I don’t want to write today

because I have no words
that can easily replace
resting my hands on your waist
as we fall asleep.
Or how it feels to be grazed
by your stubble,
as we shrug off our slumber.

And I don’t want to write to you today,
no messages or little laughs on text.
Because there are no words
to give me what I’d like right now.
A hug, a hand held, a cheek pecked.

So there,
I don’t want to talk.
I don’t want to communicate.
Not with my words.
I am fed up of their inadequacy.
And I so desperately wish
you could kiss me
to shut me up right now,
and spare me the disappointment
of capturing this in words,
only to fail all over again.


This morning, I roll over
out of bed,
dragging feet into a kitchen
to fix myself a cup of tea.

It’s early enough
to suck in fresh, cool air,
replacing the mentholated one
that I quit.

Grey speckled birds rustling leaves,
high above swept streets.
Coriander growing in the earthen pot,
threads of it tangling,
like my words when I try
to capture what you make of me.
You water, I twine.
Tendering in kind.

The roots don’t truly
feel like mine.

72 days

Of living in this new normal
Of sleeping with a racing heart,
difficult to quieten, to murmur to sleep.
Shhhh, I soothe, but…

It beats on, as time bleeds
like water on ink, sinking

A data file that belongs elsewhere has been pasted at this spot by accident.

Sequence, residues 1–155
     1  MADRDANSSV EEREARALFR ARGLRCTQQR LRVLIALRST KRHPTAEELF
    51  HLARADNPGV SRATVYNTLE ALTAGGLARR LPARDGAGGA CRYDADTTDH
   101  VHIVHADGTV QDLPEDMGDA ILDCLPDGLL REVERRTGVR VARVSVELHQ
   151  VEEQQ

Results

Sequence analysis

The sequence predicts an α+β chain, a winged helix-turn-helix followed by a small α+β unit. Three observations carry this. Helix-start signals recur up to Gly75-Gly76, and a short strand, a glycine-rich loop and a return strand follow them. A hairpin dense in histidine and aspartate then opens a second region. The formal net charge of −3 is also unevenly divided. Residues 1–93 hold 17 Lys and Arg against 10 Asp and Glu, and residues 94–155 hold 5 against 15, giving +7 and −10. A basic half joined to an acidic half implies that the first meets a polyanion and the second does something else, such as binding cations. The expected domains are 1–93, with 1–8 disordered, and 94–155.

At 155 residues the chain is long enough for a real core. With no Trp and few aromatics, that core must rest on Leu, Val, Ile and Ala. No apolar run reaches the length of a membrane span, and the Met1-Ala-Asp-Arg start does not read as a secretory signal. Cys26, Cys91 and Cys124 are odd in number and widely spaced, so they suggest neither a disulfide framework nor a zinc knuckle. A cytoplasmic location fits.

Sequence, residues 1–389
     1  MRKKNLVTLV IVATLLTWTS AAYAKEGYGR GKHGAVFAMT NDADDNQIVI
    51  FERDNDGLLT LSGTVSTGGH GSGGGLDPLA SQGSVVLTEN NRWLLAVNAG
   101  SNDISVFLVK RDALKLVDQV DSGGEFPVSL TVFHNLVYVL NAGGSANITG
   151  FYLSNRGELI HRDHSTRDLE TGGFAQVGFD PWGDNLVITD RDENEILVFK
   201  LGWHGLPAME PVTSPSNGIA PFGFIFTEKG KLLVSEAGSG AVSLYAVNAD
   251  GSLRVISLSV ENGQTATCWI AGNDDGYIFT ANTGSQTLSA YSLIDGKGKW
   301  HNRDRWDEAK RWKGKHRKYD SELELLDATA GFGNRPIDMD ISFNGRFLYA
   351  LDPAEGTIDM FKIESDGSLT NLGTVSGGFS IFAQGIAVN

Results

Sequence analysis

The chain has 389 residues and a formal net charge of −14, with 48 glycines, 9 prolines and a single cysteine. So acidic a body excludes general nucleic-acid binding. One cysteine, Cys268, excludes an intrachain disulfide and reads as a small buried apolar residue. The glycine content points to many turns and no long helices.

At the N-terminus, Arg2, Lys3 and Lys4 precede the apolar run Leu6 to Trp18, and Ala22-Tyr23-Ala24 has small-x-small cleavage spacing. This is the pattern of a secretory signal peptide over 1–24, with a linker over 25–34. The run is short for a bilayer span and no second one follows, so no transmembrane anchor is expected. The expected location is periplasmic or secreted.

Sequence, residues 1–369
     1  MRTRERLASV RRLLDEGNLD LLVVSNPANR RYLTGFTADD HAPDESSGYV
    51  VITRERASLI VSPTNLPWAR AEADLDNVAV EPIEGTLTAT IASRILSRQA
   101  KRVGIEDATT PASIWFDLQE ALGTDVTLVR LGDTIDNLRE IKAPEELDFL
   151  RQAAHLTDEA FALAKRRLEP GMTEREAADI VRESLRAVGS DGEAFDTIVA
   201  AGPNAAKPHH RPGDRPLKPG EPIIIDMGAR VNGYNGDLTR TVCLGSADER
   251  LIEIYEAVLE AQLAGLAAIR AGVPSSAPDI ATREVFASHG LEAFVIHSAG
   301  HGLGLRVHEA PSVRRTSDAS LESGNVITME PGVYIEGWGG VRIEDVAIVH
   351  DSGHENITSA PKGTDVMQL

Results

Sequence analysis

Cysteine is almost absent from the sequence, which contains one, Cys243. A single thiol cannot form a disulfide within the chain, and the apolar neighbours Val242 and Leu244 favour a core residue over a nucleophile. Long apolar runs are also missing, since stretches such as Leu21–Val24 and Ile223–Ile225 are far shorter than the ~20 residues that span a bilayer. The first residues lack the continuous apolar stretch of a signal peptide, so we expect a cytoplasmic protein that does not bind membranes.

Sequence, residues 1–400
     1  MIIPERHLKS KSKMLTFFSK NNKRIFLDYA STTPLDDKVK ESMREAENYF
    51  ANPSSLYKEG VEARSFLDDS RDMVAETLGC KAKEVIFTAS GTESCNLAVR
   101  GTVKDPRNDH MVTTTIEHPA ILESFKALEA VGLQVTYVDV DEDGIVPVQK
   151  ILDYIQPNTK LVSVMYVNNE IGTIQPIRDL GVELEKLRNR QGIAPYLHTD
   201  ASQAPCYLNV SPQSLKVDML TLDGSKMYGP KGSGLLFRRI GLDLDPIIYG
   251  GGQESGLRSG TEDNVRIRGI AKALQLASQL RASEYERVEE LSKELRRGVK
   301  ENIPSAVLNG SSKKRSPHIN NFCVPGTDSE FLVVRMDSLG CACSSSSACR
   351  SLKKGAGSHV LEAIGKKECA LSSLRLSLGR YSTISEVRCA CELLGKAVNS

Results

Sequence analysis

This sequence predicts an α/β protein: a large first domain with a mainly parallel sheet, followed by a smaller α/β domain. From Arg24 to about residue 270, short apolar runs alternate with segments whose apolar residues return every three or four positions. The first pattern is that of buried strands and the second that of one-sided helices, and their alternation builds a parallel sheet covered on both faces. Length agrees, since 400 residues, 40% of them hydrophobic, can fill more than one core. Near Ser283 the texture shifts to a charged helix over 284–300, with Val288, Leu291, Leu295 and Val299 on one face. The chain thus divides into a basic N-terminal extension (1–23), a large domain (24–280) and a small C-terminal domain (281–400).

into the pages of an empty calendar.
One day, two days, three days, four.
A week, a month…
and then one moment, I realised
I was not counting any more.

Counting days, nor goals,
nor things to look forward to.
How long until…? How long?
Hardly bearing this agony of waiting
for turbulences to smoothen.
Seeming so futile,
like smearing a crinkled sheet
trying to clean it of crevices.

I weep.

Weeping at the reality of screens
for work, for love, for everything in between.
My eyes are tired of the ‘almostness’
of granulated faces.
We must make do, at least we have these
pixels and echoes of sound
to convince ourselves we are not alone.
We must continue the grand deception,
for work, for love, for everything in between.

And in that between,
a despondence settling in.
Unpacking and unlayering itself
on my bedroom floor,
hanging in the air, wafting through the door.
How long are you visiting? How long?
Please leave. Go on…

I know not where it’ll go,
or who it’ll visit next ,
but I cannot entertain this guest.

A monthly mourning

Once a month, I get on a bus travelling
four hundred and eighteen kilometres,

To cigarettes, coffee and sex in the morning
Sunlight filtering through orange curtains
Bike rides down empty streets
Hot and humid weather
Sunsets, beaches and unshakeable sand.
Sitting by windows, stealing wine drunk kisses
and tracing circles on the back of your hand.
Walking dirt paths to a hazy periwinkle view
To a reprieve from what I left,
to what’s been missing,
to you.

And then once a month, I get on a bus travelling
four hundred and eighteen kilometres,

Only to do it all over again,
in another thirty days.

Each time, a mourning ritual.
A mourning for when things were simpler.
When there was no dread of missing you,
before I’ve even left.
When there was no counting of
how many hours we have left.

It is a loss meant to be mourned.
It must.
And mourned it is.
Each and every month.

Sixteen notes to self (in lockdown)

1. Get up earlier instead of right in time for your first zoom meeting/call for the day.

2. Shower when water is available. DO NOT PUT IT OFF. Or you’ll ruin your whole day, sitting cranky and feeling gross.